Is There Any Sedation During Tooth Extraction?
Usually, sedation is reserved for surgical extractions such as wisdom tooth extraction or damage that has extended below the gumline. That said, we prioritize patient comfort, so perform all treatments using appropriate local aesthetic. Before your tooth extraction, your dentist will gently administer injections of a powerful analgesic that will numb the area around the tooth. Additionally, if you feel nervous about your procedure, we can assist you in gaining comfort using our NuCalm stress intervention technology. NuCalm doesn’t just enhance the effects of the local anesthetic but it also makes time seem to move more quickly. Your 60 or 90-minute treatment may feel much shorter!
How Long Does a Tooth Extraction Take?
Your tooth extraction procedure may take 20 minutes to an hour, even for multiple teeth. During your consultation for treatment, we’ll make sure you know what to expect during your procedure as well as after.
How Can I Prepare for a Tooth Extraction?
Depending on how soon you’ll have the extraction procedure done, your dentist may advise you to take certain precautions. Generally, there is very little risk of bleeding during or after this treatment. However, to further minimize the risk, you may be advised to avoid using blood-thinning medications. Examples include ibuprofen and aspirin. Some vitamins and supplements can also thin the blood, so talk to your dentist about products you take regularly. If you are anxious about having a tooth extracted, talk to our team ahead of time. We offer NuCalm as a form of natural anxiety relief and can arrange to include this in your appointment.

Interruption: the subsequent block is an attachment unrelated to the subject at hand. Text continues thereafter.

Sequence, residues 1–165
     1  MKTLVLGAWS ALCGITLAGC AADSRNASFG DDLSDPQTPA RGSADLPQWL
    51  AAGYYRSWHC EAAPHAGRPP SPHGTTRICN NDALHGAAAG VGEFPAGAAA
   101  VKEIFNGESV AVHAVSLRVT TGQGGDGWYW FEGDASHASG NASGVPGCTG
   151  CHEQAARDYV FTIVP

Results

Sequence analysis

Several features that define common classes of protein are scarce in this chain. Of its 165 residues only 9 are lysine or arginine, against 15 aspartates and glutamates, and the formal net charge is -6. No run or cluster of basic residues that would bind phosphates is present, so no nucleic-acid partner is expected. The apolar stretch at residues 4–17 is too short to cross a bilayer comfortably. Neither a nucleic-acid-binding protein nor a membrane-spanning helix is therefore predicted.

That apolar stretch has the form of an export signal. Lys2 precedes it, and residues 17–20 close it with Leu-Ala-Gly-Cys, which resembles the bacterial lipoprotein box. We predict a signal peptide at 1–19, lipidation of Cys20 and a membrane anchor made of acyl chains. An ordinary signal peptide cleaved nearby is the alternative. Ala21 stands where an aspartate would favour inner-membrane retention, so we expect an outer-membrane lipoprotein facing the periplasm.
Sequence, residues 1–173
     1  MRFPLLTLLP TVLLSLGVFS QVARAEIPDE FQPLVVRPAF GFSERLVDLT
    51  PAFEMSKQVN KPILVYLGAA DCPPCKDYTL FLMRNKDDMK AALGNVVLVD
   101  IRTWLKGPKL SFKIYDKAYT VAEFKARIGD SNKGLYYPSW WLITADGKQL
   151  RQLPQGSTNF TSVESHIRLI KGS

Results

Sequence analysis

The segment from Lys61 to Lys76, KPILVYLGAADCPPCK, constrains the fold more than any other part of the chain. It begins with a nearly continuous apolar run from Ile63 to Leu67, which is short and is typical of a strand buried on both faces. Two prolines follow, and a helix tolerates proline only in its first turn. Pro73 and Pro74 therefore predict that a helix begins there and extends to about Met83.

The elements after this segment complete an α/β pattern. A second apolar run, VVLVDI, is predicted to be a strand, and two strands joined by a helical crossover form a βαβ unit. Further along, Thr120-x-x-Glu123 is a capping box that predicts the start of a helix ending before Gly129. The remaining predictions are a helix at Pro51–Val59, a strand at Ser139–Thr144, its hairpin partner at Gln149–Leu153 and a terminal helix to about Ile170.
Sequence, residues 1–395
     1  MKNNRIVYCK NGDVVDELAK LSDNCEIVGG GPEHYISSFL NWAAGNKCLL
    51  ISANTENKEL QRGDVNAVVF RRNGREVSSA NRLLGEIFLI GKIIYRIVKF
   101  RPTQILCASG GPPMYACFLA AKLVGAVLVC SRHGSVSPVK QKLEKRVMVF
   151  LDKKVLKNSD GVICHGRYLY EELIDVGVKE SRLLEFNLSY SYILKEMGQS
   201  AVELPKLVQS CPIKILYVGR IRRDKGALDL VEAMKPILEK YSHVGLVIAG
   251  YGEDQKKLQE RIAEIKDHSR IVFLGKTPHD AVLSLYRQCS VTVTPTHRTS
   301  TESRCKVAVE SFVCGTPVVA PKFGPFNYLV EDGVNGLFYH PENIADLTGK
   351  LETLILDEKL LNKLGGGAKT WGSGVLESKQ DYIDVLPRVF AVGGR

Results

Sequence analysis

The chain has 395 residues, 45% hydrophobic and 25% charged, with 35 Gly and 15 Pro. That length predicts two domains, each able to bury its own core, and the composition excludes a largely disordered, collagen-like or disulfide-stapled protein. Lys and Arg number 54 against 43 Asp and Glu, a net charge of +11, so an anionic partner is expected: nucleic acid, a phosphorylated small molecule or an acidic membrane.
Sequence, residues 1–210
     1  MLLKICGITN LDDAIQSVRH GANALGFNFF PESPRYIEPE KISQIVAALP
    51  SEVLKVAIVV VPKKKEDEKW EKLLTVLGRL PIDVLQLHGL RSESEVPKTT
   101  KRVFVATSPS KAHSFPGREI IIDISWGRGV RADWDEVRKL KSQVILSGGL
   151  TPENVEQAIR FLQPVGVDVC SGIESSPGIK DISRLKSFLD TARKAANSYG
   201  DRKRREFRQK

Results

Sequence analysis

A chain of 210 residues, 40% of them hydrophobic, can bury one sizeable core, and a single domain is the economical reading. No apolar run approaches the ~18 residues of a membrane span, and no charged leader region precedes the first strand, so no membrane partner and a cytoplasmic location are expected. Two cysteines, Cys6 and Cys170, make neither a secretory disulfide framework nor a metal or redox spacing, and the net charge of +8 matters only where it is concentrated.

Is Tooth Extraction Painful?
The tooth extraction procedure is not painful. The area that the dentist will work on will be completely numb before work begins. Anesthetic generally maintains a consistent level throughout the extraction process, so you should be just as comfortable as we wrap up your procedure as you are when we begin. Just as you would if you were getting a filling, you’ll feel the dentist working. For example, you may feel movement or pressure against the side of your face. This is not uncomfortable. You should also be able to communicate with our team and let us know if at any time you feel uncomfortable or overwhelmed.
What Can I Do for Discomfort After My Tooth Extraction?
After a patient undergoes a tooth extraction, come pain and discomfort may occur. The pain and discomfort can be relieved by:
- Applying ice to the external area
- Rinsing your mouth with warm salt water
- Taking pain relievers and anti-inflammatory medications
Tooth Extraction Recovery
Any bleeding, swelling, or post-operative discomfort usually diminishes within the first 24-48 hours after surgery. In some cases, antibiotics may be prescribed to help fight off any infections. Patients should avoid certain foods and liquids for 24-48 hours after the tooth extraction. Most tooth extraction patients fully recover within a week or two after the procedure.
We recommend that restorative procedures such as bridges or implants be planned for after the removal of a tooth, as missing teeth can cause shifting and difficulty chewing.